The Ugly Truth About Obesity

May 30, 2013
A victim of prejudice?

A victim of prejudice?

Obesity, defined as having a BMI over 30, is increasingly common these days. In America 30 percent of the population is obese while many other Western countries have similar figures (no pun intended). When obesity is debated it’s usually about health issues, but there is also another aspect to consider, namely that of obesity bias and discrimination.  According to Obesity Society, obese people are often viewed as “lazy, sloppy, less competent, lacking in self-discipline, disagreeable, less conscientious, and poor role models” as well as “unintelligent, unsuccessful, weak-willed, unpleasant, overindulgent”.

This negative view leads to discrimination in for instance employment and college admissions. In the medical setting, the negative attitude towards the obese may also lead to patients cancelling appointments, with worse health as a consequence. According to a study from Yale University, self-reported weight discrimination is as common as racial discrimination.  This may seem especially problematic since the obese are not protected by any minority laws so in many cases discrimination is perfectly legal.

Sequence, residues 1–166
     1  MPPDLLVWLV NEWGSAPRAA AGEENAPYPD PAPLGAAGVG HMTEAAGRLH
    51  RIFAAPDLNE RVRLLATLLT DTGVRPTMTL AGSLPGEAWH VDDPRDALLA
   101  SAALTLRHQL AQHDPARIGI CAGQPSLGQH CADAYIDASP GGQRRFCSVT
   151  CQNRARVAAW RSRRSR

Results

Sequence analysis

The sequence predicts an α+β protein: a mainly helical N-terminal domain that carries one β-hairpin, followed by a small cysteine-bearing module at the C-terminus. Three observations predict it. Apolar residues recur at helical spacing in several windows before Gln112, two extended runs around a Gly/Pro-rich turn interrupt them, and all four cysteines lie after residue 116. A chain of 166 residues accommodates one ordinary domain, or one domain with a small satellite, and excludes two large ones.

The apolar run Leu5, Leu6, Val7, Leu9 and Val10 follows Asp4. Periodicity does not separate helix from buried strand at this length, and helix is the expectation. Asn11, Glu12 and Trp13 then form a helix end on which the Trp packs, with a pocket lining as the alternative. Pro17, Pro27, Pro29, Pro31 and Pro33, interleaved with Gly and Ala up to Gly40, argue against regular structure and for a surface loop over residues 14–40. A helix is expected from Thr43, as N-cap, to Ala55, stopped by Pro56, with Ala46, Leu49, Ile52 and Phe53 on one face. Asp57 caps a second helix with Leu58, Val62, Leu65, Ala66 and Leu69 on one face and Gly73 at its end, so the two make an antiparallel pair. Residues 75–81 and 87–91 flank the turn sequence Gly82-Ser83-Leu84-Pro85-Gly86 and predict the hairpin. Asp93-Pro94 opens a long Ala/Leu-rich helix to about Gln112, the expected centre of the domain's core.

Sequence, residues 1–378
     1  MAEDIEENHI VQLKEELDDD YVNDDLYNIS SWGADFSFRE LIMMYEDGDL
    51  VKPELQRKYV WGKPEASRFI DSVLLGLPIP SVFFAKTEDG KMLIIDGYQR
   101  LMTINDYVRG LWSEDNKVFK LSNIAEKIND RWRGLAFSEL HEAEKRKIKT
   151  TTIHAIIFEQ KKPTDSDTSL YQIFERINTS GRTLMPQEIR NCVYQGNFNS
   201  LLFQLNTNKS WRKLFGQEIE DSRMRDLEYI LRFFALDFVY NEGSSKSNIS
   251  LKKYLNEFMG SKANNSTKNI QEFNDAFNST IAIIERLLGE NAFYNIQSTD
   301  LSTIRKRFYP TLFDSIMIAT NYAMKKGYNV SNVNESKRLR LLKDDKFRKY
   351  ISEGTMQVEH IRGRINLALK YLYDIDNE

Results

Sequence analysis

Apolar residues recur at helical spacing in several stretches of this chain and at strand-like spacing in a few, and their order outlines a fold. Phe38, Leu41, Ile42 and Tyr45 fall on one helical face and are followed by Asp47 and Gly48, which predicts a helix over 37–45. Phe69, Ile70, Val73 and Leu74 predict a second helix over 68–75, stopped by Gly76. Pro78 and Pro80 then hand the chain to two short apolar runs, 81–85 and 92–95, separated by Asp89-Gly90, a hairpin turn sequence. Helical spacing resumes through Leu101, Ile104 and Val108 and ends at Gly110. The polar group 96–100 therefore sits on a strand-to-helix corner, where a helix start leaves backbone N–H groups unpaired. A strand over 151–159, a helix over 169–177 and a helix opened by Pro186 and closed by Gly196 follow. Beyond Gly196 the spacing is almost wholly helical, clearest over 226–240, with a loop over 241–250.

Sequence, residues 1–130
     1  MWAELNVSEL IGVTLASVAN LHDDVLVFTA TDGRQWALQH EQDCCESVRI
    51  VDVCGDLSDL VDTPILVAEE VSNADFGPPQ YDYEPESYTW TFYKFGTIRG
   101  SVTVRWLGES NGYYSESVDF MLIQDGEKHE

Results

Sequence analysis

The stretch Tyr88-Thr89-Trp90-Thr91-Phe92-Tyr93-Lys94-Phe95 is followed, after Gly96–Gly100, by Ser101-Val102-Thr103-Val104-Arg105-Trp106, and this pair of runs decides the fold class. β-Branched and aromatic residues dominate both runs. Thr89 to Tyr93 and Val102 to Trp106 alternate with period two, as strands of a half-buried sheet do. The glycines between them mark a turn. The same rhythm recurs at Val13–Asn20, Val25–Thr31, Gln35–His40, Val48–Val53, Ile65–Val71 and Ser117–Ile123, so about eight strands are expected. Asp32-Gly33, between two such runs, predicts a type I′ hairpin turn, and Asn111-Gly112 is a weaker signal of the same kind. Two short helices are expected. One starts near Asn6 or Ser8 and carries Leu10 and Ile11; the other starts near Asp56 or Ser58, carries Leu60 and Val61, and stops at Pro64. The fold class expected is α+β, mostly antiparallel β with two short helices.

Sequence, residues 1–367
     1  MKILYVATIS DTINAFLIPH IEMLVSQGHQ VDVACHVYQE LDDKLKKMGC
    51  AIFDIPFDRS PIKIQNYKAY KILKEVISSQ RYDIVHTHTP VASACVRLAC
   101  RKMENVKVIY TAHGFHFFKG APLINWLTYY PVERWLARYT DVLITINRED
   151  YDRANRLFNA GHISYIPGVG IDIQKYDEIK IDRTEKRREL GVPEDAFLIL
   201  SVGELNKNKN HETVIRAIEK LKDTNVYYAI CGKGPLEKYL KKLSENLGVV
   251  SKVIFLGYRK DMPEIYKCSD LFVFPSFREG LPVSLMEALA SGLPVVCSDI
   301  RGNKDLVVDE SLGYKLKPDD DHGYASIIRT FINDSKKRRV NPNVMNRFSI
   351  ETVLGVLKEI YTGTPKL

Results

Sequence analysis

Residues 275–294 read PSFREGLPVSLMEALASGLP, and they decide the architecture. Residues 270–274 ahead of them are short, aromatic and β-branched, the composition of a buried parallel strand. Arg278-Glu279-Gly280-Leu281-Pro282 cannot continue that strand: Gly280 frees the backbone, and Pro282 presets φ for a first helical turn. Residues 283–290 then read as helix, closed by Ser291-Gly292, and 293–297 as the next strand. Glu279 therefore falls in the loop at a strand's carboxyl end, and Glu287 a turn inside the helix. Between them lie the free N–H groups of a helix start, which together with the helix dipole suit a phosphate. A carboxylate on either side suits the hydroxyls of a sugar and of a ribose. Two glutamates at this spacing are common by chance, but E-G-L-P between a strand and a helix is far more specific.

On the other hand, what if all these negative stereotypes are accurate? After all, many stereotypes have some truth to them – Jews do make more money than others; Black people are more often involved in crime; there is plenty of research to show that East Asians are more introverted than other people. So why can’t stereotypes about the obese be accurate?

Like most things, this has been researched. Intelligence shows a very clear connection to IQ, as illustrated here. And since intelligence is linked to work performance this suggests that the obese may be unsuccessful and less competent as well. This in turn may explain the “wage penalty” that the obese suffer – like all groups with low intelligence do.

As for the personality traits mentioned above, Angelina Sutin and colleagues at the National Institute on Aging, National Institutes of Health, and the Department of Health and Human Services, have conducted perhaps the ultimate study on this, using some 2000 participants, spanning over 50 years and applying 14 500 measurements of weight. And they didn’t just content themselves with the Big Five personality factors but looked at all the subscales. They found that weight gain was most clearly related to Impulsiveness (a facet of Neuroticism), Warmth, Assertiveness, Positive Emotions (all facets of Extraversion), and a lack of Order and Self-Discipline (facets of Conscientiousness). It’s also interesting to note that while strongest predictor, Impulsiveness, as mentioned a facet of Neuroticism in the Big Five model, none of the other facets of this factor – Anxiety, Depression etc, related to overweight. So they common idea of the emotional overeater seems to lack empirical support.

So yes, the obese group is not unlike its negative stereotypes. Of the, “lazy”, “sloppy”, “less competent”, “lacking in self-discipline”, “disagreeable”, “less conscientious”, “poor role models”,” unintelligent”, “unsuccessful”, “weak-willed”, “unpleasant”, “overindulgent”, it seems “disagreeable” and “unpleasant” are the only clear misses.